Illustration by John Watson

Michael Pollan: Why MDMA could help your marriage

The author argues that we should eat less meat and take more drugs
October 6, 2022

Over vegetarian pasta at the Italian restaurant around the corner from Prospect, Michael Pollan tells me why we should be eating less meat and taking more drugs. Now 67, Pollan has had a lifelong interest in what we consume, but Putin’s weaponisation of food prices gives his prescriptions more weight. “Meat eating is incredibly inefficient,” he says, adding that 40 per cent of US grain feeds livestock rather than humans. His solution: eat more plants.

He doesn’t just want more lettuce on plates. His new book, This is Your Mind on Plants, and Netflix series, How to Change Your Mind, investigate mind-altering substances, from caffeine to magic mushrooms. “The human desire to change consciousness is really deep,” he tells me. “It seems to be a universal desire.” It’s harder to explain than our desire for food, given that it makes us more vulnerable to predators. “Lowering inhibitions,” though, “could help with reproduction.” 

Pain, boredom and depression could also be helped by psychotropic drugs, he says. Pollan is preaching what he has practised. In the mid-1990s, he made opium tea from poppies grown in his garden—a legally risky practice. The tea “tasted terrible” and gave him nausea at first. But then he was suffused with a “warm” and “aqueous” feeling, his daily aches dulled. 

Opium brings you down, but LSD takes you out of yourself. That’s why people fear it, I say. “Using drugs without ritual is probably a mistake,” Pollan acknowledges. He recommends a shaman or equivalent to answer the doorbell while you’re tripping.

When it arrived on the scene in the 1950s, LSD was regarded by scientists as a wonder cure for mental illness. “There were a thousand peer-reviewed papers involving 40,000 research subjects. It was a completely legitimate part of psychiatric research.” But then the counterculture adopted it and the authorities got worried that spaced-out young people would never turn up to work or fight wars. Research stopped. 

I wasn’t listening to a Bach cello suite; I was it

That’s changing now. There is a greater recognition that, in a controlled environment, LSD can help with psychological problems. Pollan tells me of one 30-year-old man with obsessive compulsive disorder who refused to leave the house. “It was like he was dragging this ball and chain around his whole life,” says Pollan, but the man was jolted out of a negative thought pattern by the drug. “Psychedelics appear to make the brain a lot more plastic.”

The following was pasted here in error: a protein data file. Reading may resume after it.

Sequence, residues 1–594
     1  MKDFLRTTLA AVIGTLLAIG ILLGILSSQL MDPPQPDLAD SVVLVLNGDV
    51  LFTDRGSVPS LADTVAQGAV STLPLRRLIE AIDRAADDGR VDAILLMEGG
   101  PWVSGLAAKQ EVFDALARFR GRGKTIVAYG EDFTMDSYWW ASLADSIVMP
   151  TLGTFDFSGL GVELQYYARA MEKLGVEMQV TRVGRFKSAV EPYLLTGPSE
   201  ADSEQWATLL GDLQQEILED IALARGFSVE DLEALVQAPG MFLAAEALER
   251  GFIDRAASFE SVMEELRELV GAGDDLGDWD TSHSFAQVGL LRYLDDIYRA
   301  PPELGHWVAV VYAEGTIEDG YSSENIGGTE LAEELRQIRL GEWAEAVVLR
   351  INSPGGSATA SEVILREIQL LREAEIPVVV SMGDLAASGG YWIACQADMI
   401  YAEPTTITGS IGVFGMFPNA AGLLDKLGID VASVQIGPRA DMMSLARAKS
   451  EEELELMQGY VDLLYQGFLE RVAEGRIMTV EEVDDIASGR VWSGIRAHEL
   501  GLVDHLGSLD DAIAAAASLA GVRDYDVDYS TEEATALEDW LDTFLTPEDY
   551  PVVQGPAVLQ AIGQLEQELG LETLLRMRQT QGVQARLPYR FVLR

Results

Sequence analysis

Perhaps surprisingly, Pollan does not advocate drug legalisation. “I live in California, where cannabis is legal. And when I drive home from the airport, I’ll see billboards advertising cannabis delivered to your door… they even put it in gummy bears,” which I sense offends his palate as much as his ethics. He’s more enthusiastic about the “magic truffles” grown in the Netherlands to escape legislation forbidding magic mushrooms. 

But this is the question I really want answered: in taking LSD, are you changing the way that you perceive the world, or getting access to hidden aspects of it? Pollan says that people taking DMT, the chemical found in mushrooms, often report seeing fractal patterns or weird machine elves. Others feel like they’re merging with the cosmos or God. And Pollan himself? “In my case, it was a Bach cello suite. I wasn’t listening to it; I was it.” 

Does he still experiment? Pollan answers carefully. “If it were legal, I would have one MDMA session with my wife every year.” They would sort through their issues without defensiveness. Lowered boundaries make you more open. “Tolerance for authoritarianism goes down,” he adds. It’s often suggested that certain world leaders would benefit from a dose or two. “What if we gave it to Putin? Too dangerous, more research is needed, but interesting…” Our meal done, my mind expanded, we order more down-to-earth stimulants: two coffees.